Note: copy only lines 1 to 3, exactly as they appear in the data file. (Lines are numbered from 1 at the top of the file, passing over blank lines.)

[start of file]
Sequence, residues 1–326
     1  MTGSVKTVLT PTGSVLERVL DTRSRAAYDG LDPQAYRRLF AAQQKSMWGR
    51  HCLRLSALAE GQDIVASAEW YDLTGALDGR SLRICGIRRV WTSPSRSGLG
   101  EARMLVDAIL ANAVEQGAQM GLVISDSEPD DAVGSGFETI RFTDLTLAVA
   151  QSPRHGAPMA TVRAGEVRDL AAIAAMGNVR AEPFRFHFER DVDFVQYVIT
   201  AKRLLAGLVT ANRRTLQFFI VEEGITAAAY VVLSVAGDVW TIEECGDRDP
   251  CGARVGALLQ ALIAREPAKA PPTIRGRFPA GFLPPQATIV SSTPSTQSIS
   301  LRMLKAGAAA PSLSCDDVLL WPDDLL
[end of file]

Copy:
Sequence, residues 1–326
     1  MTGSVKTVLT PTGSVLERVL DTRSRAAYDG LDPQAYRRLF AAQQKSMWGR
    51  HCLRLSALAE GQDIVASAEW YDLTGALDGR SLRICGIRRV WTSPSRSGLG